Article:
Present MCM packages are produced by MCM computer aided design (CAD) software tools that are available from Mentor Graphics Inc., Cadence Viewlogic Systems Inc. and LSI Logic Inc. Such tools can lay out the design of die on a substrate and package an MCM design, wherein each with a given number of I/Os is wired separately. For example, given a 10 mm chip, the design might require that the MCM design include a first substrate design having 300 I/Os, a second substrate design that has 400 I/Os, and a third substrate design that has 500 I/Os. Each redistribution section of these three substrate designs form a composite MCM substrate design which are separately designed and not replicated. This represents significant design effort.
The prior art has approached MCM packaging design problems by various techniques. U.S. Pat. No. 5,777,383 (hereinafter '383 patent) discloses a way to package a semiconductor chip, which incorporates a plurality of levels of interconnecting conductive layers within the package which selectively direct signals to and from pins of the die and/or the pins of the package. The '383 patent uses a single general purpose chip that can be fabricated in large quantities with the interconnect of the package is used to define the specific purpose, functionality and pinout of the final device.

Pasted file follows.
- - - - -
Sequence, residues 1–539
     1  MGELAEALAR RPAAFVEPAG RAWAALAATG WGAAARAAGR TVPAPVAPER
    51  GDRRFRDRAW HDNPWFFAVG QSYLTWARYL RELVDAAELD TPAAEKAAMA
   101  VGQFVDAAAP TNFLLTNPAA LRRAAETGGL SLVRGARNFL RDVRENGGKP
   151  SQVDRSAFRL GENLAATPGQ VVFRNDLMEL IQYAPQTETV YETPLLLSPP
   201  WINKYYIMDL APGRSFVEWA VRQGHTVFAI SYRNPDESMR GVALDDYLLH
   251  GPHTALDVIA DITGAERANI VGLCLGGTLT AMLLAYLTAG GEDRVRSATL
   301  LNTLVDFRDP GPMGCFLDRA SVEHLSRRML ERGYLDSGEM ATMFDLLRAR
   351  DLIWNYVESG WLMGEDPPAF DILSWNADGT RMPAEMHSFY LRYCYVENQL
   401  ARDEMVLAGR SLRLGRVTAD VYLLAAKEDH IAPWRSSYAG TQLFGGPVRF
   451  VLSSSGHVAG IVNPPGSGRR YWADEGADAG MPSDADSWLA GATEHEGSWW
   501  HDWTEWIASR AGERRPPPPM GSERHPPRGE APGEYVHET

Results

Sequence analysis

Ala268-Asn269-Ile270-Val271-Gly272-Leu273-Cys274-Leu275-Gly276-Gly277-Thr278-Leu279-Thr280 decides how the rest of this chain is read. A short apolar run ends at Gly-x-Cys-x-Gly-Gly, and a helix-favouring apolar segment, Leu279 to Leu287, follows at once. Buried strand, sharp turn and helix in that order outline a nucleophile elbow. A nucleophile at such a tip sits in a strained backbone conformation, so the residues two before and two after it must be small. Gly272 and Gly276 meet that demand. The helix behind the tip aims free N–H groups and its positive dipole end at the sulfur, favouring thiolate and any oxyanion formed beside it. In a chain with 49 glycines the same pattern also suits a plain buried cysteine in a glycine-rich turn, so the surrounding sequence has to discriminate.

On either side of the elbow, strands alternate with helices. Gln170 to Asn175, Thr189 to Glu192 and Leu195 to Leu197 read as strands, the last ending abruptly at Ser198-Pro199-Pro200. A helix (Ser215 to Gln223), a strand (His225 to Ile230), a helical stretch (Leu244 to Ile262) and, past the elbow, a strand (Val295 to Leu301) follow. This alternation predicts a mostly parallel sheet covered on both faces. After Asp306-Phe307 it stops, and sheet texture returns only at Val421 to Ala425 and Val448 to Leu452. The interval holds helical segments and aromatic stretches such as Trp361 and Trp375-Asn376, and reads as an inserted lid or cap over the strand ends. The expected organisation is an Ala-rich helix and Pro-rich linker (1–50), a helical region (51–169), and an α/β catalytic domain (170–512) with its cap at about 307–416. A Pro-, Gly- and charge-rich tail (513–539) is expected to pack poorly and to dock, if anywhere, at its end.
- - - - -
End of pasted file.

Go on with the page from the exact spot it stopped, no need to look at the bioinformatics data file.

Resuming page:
U.S. Pat. No. 6,048,753 (hereinafter '753 patent) discloses a standardized bonding location process for making a semiconductor chip device, wherein the resulting device has standardized die-to-substrate bonding locations. The '753 patent die provides a standardized ball grid or other array of a particular size, pitch and pattern such that as the size, configuration or bond pad arrangement of the die changes, a standard substrate, (the term including lead frames) having a similarly standardized array of terminals or trace ends is used to form the semiconductor device. The '753 patent can use dies having markedly different circuitry, but a common array pattern with the same substrate or other carrier.